SQL Batch alter all columns

< 1 min read

Sometimes you need to make mass changes to a database, and either add or remove a column, or other table or data manipulations. The script below prints SQL statements you can later execute for whatever you need. It loops through each table in your database, and replaces ? with the table name.

EXEC sp_msforeachtable
'PRINT ALTER TABLE ? ADD LastModified DATETIME NOT NULL DEFAULT GETDATE();
ALTER TABLE ? ADD UserID int NULL;
ALTER TABLE ? ADD Deleted bit NOT NULL DEFAULT 0;'
EXEC sp_msforeachtable
    'PRINT Update ? SET SiteID=1'

IE 8 HTML5 Compatibility

< 1 min read Adds new HTML5 elements, and supports printing HTML5 elements and includes the default styles for HTML5 elements, like block on article and section.

To use this script, download the html5shiv and roll it in to your own code (ideally minified). It must be included before theelement (i.e. in the) but doesn’t matter if it appears before or after the CSS – but for the sake of performance, it would make better sense to include the CSS first then this script.


Dynamic Linq for searching

< 1 min read

 var predicate = PredicateBuilder.True();
 var q = db.Profiles.Where(t => !t.aspnet_Users.aspnet_Membership.IsLockedOut);
 foreach (string keyword in pars)
 {
     string temp = keyword;
     predicate = predicate.And(t => t.FirstName.StartsWith(temp) || t.LastName.StartsWith(temp));
 }

Filezilla Access to only certain subfolders

< 1 min read I had a scenario once, where I needed to give certain users access to multiple sub folders, without creating multiple FTP accounts. The goal was for them to see certain folders, but not others.
So let’s say my folder structure is:

And my user should be able to have full control of Site1 and Site2, but not even see Site3.
To do this, first create the user, and give him only List access on the root folder

Next, add each of the sub folders he has access to, and give him appropriate access on each sub folder.

When he connects now, he will only see the folders he has access to.

C# Render Razor View as String

< 1 min read The Razor View Engine is very powerful, easy to use, and just overall great for binding data to HTML. But sometimes you need to render HTML for use in Emails, download pages, generate PDF’s, or other purposes, so it would be neat if you could use the Razor View Engine to generate those for you, and just give you the HTML to do with it as you wish. Luckily we have this somewhat built-in, and here’s a wrapper for it.

public string RenderRazorViewToString(string viewName, object model)
{
  ViewData.Model = model;
  using (var sw = new StringWriter())
  {
    var viewResult = ViewEngines.Engines.FindPartialView(ControllerContext, viewName);
    var viewContext = new ViewContext(ControllerContext, viewResult.View, ViewData, TempData, sw);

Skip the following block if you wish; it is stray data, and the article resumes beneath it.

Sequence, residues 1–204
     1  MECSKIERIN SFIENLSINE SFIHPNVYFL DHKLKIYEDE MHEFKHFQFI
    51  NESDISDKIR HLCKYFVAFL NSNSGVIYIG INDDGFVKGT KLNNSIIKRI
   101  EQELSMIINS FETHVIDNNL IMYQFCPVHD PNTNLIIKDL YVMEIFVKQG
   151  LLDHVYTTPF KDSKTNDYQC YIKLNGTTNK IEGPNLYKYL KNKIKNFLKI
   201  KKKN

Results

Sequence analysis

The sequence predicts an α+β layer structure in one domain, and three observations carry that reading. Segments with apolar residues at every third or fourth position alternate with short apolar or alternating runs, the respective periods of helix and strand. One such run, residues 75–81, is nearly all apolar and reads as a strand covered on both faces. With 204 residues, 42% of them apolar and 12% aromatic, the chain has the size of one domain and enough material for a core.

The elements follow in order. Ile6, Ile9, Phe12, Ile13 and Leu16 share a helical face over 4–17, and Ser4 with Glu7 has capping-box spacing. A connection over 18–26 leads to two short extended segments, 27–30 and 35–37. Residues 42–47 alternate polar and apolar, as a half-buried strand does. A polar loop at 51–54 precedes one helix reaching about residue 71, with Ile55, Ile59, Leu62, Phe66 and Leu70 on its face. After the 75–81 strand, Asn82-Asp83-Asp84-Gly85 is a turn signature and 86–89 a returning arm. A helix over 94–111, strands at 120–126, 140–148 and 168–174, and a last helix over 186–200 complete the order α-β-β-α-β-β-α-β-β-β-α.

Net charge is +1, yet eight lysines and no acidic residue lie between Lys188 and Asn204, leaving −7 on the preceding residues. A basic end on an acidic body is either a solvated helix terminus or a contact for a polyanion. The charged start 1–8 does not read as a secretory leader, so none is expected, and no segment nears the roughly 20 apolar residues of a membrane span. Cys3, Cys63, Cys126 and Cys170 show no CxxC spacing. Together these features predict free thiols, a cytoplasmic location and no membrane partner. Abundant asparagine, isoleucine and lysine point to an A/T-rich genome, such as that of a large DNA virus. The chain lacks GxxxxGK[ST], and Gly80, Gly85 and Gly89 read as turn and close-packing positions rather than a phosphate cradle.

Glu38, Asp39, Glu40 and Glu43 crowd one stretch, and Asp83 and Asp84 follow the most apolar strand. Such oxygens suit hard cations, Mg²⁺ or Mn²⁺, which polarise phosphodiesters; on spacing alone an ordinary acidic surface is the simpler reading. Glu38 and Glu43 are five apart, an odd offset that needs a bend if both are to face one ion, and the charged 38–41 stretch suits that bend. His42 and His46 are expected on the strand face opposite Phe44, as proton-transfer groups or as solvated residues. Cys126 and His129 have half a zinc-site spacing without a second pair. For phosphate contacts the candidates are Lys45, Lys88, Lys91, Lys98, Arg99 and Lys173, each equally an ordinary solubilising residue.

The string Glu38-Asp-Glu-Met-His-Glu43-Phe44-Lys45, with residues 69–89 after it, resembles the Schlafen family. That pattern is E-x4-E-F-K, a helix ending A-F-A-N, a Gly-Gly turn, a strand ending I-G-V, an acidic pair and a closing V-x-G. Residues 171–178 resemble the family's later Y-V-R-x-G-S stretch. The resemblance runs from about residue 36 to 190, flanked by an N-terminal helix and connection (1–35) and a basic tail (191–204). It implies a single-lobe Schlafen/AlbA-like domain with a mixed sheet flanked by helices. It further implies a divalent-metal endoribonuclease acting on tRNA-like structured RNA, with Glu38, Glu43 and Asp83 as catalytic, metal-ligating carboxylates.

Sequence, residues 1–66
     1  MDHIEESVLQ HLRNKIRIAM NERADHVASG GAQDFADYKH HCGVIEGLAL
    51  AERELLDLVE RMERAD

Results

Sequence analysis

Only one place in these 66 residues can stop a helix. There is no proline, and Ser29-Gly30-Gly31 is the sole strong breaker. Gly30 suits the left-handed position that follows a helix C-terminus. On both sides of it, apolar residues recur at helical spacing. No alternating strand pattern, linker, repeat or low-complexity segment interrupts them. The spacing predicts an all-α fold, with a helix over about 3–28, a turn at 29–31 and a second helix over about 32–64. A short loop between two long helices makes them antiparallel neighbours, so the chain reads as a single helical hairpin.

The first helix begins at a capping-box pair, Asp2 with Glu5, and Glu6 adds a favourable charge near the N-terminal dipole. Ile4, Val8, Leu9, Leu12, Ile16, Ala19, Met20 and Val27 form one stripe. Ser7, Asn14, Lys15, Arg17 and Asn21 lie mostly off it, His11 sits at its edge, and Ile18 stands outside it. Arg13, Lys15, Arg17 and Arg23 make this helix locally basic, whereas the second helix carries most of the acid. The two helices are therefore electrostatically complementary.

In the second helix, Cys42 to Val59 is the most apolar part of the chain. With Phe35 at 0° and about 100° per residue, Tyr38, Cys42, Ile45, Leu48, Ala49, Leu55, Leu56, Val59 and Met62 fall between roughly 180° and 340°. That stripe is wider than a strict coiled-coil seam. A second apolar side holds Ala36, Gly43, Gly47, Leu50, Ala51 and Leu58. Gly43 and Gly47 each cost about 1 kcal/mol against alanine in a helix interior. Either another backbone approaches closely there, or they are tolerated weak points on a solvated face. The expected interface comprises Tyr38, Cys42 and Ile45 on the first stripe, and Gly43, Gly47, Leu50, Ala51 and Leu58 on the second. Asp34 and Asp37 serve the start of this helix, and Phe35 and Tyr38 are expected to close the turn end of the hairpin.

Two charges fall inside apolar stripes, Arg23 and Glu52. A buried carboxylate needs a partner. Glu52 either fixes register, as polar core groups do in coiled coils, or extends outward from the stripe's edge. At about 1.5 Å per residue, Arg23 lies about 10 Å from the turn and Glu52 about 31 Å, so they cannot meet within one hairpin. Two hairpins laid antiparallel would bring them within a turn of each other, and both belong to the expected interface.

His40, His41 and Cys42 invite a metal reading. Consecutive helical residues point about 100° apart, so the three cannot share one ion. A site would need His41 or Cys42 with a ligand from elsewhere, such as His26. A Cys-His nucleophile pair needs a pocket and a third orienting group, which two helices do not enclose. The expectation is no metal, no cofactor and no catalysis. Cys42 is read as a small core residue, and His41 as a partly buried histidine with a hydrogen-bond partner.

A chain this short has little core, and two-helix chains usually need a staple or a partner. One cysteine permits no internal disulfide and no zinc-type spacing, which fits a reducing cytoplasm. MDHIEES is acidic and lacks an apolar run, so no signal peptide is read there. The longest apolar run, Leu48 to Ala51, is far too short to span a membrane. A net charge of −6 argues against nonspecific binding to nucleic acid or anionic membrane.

viewResult.View.Render(viewContext, sw);
    viewResult.ViewEngine.ReleaseView(ControllerContext, viewResult.View);
    return sw.GetStringBuilder().ToString();
  }
}

You can now use it as in the following example

var htmlPage = RenderRazorViewToString("~/Views/Home/myview.cshtml", siteModel);

You can of course extend the method above, and pass it your own ViewData, TempData, RouteData, change the View Engine, enable or disable ClientValidation and UnobtrusiveJavasript, and so on.

C# Add and Edit Office Document Custom Properties

< 1 min read Office documents store a lot more information than is obviously visible at first. Microsoft released a library called DSOfile, which is intended for changing properties of Office files if you don’t have Office installed.
First, you need to download the DSOfile from Microsoft. http://support.microsoft.com/kb/224351

Second, you’ll need to reference it in your project

using DSOFile;

Next, you can start looping through the Office predefined properties of each file. Note, some attributes are read-only.

OleDocumentProperties file = new OleDocumentProperties();
file.Open(@"C:myfile.docx", false, dsoFileOpenOptions.dsoOptionDefault);
int charCount = file.SummaryProperties.CharacterCount;
int wordCount = file.SummaryProperties.WordCount;
int pageCount = file.SummaryProperties.PageCount;
file.SummaryProperties.Author = "John Smith";
file.SummaryProperties.Category = "My Category";
file.SummaryProperties.Company = "My Company Inc.";
file.SummaryProperties.Manager = "David Smith";
file.SummaryProperties.Subject = "Sample files";
file.SummaryProperties.Title = "A very sample file";
file.Save();
file.Close(true);

Those might sometimes not be enough, so surely enough you can add your own custom attributes, and use the NTFS File System as your own personal database.

OleDocumentProperties file = new DSOFile.OleDocumentProperties();
file.Open(@"C:myfile.docx", false, DSOFile.dsoFileOpenOptions.dsoOptionDefault);
string key = "My Custom Key"; /* Use any key you want, these will be saved in the file. */
object value = "My Custom Value";
// Check if file has a certain property set
bool hasProperty = false;
foreach (DSOFile.CustomProperty p in file.CustomProperties)
    if (p.Name == key)
        hasProperty = true;
// If it doesn't have the property, add it, otherwise set it.
// This is the only way I found to loop through the properties
if (!hasProperty)
    file.CustomProperties.Add(key, ref value);
else
    foreach (DSOFile.CustomProperty p in file.CustomProperties)
        if (p.Name == key)
            p.set_Value(value);
// Go through existing custom properties.
foreach (DSOFile.CustomProperty p in file.CustomProperties)
{
    Console.WriteLine("{0}:{1}", p.Name, p.get_Value().ToString());
}
file.Save();
file.Close(true);